A proposal was accepted by the U.S. House Committee to decriminalize marijuana and impose taxes on it at the federal level; however, the House Committee did not approve the proposal unanimously. The House was divided on the issue, although the divided approval was hailed by many as a watershed moment for the national cannabis policy and has been described as a political move. Some believe that the gesture does not contain much weight and might be proven to be a hollow one. Almost two hours of debate and discussion took place on the issue, and the Judiciary Committee of the house approved the proposal by 24-10. The debate was a significant one as it would result in the removal of marijuana from the Controlled Substances Act and states would be allowed to frame their own rules on it. This implies the reversal of the longstanding federal prohibition on pot and marks a turning point in the federal policy.
Aaron Smith, Executive Director of the National Cannabis Industry Association has remarked, “the vote marks a turning point for federal cannabis policy and is truly a sign that prohibition’s days are numbered.” Neal Levine, CEO of the Cannabis Trade Federation has commented on similar lines that the vote is a “historic step forward for cannabis policy reform.” The majority of states in the US have legalized marijuana in some form, and the national cannabis policy had not been able to keep pace with the formulations of the states. Therefore many members believed that it was lagging behind, and the divide in policy at both levels had created problems in certain areas like banking services, loans, etc as marijuana companies found a tough time to get loans (as at the federal level marijuana was still illegal).
A bill had been passed earlier in the House to enable registered marijuana companies to access services like banking, but it has not yet moved forward in the Senate. According to the Republicans on the House Judiciary Committee, the cannabis decriminalization bill did not have a proper hearing, and in the absence of support from both parties it could not become a law. Thus the bill’s fate is not yet clear, as one of the Republicans Doug Collins from Georgia pointed out that “it’s going nowhere.” It is not yet known whether other committees of the House would review the bill and whether a vote would be taken in the full House. There are relatively fewer chances of the Republican-dominated Senate to approve the bill, although Democrats believe that criminalizing marijuana was unfair and unwise for the federal government.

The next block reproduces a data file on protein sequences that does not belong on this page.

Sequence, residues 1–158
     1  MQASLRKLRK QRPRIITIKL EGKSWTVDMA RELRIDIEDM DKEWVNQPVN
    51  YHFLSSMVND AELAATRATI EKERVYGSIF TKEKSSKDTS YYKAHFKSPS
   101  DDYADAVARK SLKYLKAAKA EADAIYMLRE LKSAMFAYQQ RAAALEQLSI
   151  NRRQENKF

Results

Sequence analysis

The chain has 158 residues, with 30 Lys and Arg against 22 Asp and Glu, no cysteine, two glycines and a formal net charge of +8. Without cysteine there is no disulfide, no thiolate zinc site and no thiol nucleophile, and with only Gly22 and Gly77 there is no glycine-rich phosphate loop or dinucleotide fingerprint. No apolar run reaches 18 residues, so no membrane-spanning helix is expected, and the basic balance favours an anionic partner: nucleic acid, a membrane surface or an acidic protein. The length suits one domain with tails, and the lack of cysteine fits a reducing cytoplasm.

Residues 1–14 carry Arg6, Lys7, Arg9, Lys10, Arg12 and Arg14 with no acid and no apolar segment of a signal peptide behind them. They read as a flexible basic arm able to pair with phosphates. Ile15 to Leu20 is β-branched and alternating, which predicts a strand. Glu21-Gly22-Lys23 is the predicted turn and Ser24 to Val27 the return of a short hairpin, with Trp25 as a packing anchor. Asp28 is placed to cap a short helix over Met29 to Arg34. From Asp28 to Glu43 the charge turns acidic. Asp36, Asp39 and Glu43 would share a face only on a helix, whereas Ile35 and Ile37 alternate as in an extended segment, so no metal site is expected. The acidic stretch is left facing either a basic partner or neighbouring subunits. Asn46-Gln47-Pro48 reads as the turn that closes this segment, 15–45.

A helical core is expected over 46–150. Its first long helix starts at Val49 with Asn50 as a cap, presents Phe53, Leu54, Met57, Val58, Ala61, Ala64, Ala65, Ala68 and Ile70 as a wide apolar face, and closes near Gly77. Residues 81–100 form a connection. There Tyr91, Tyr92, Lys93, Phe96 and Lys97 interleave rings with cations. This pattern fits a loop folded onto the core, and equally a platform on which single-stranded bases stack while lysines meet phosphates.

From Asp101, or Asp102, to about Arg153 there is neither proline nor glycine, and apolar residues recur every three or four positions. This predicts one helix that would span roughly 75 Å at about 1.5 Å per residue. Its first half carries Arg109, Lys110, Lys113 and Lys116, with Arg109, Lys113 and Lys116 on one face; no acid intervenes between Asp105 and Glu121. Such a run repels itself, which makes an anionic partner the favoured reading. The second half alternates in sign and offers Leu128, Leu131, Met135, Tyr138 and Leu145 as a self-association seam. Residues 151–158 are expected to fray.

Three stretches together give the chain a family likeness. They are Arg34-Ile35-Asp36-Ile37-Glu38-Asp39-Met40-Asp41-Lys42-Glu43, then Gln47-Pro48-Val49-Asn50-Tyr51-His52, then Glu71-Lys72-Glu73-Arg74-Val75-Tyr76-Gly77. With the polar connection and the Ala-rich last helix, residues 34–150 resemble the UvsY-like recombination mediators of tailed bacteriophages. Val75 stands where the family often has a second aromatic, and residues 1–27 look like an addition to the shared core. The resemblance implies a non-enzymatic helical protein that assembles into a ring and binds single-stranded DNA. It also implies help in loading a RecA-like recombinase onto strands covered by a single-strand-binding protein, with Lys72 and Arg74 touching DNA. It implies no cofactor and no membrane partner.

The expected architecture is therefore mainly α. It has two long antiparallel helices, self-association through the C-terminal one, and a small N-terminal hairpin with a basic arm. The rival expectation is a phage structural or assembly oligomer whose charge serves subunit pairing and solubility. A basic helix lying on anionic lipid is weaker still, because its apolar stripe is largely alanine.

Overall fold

A 5% sales tax would be imposed on marijuana products in order to raise funds for programs to help communities adversely affected by the ‘war on drugs.’ These assistance programs would include training for jobs, legal aid, etc. and previous marijuana convictions would be expunged by the Federal courts. Jerold Nadler, the Committee Chairman has said, “the nation has treated marijuana as a criminal justice problem instead of a matter of personal choice and public health. The racial disparity in enforcement of marijuana laws has only compounded this mistake with serious consequences particularly for minority communities.”